NFL Run & Shootaround: Sad Song

On any given Sunday (or Monday, or Thursday), your NFL Run & Shootaround crew will be gathered around multiple televisions, making inappropriate jokes and generally regressing to the mean. Catch up on all the NFL action right here.

How ’Bout Them Cowboys!

Andrew Sharp:

1. There were bright spots, definitely.

2. Then Dez went Michael Douglas–out-the-car-now on the Dallas sideline.

3. And I think that actually helped. After that Dez freak-out, Romo went out and threw two touchdown passes totaling 110 yards on the next two drives: one to Terrance Williams and one to Dez. There’s no way anyone would ever give Troubled Wide Receiver Dez Bryant credit for lighting a fire under the offense that’d been wheezing along all day, but that’s sort of what happened, right? Even as Calvin Johnson disemboweled the Dallas secondary, the Cowboys offense was clicking for most of the fourth quarter and the game was in hand, thanks in large part to a spark from Dez. It was actually pretty refreshing to see things play out like this.

4. And as a Cowboys fan, that should’ve been the first red flag, just like Romo’s day against the Broncos a few weeks ago. Things were too encouraging. Dallas fans wouldn’t just walk away from Sunday feeling like they’d survived; they’d actually walk away feeling good about the team. This is not something the universe allows.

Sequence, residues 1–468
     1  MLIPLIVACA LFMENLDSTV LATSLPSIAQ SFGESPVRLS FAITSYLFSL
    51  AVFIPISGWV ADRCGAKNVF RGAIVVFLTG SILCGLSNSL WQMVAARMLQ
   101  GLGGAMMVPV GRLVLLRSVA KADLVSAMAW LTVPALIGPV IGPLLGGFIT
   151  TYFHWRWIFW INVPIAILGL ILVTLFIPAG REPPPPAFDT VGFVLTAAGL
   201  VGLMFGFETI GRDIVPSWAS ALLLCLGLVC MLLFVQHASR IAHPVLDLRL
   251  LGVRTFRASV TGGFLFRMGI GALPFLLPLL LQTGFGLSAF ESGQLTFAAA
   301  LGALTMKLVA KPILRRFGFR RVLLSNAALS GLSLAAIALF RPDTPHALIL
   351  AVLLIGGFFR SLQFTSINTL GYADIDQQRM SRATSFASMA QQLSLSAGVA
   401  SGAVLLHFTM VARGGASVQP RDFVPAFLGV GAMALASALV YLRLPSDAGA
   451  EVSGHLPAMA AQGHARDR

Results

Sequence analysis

5. So, Calvin Johnson kept the game close …

And then …

6. FLAWLESS COLLAPSE EXECUTION.

7. By this point, when they gave the ball back with a minute left, every Cowboys fan on earth knew what was coming. The Stafford end zone belly flop was really just a formality.

8. Ditto for the Dez-Witten shouting match.

9. Because it’s not an authentic Cowboys loss if there’s not some stupid controversy guaranteed to waste everyone’s time for 48 hours afterward. The sideline footage above will probably be looped a thousand times on sports shows over the next couple days. Not the Monte Kiffin defense that gave up 330 yards to the one guy they knew they had to stop, not the miserable play calling on the final two drives that should have put away the game. Instead, there will be lots of talk about Dez’s maturity, whether he was a distraction, etc. Please ignore all this. The Cowboys’ problems are so much bigger than Dez Bryant. Look at this Barnwell article. God. Every minute we spend gawking at Dez Bryant is a minute we should all instead spend gawking at Jerry Jones.

10. You know how people in St. Louis talk about The Cardinal Way? This is The Cowboy Way. Games exactly like Sunday. They were probably the better team, they played better, there was drama on the sideline, and then at the end it all fell apart in the most heartbreaking way possible. The Cowboy Way!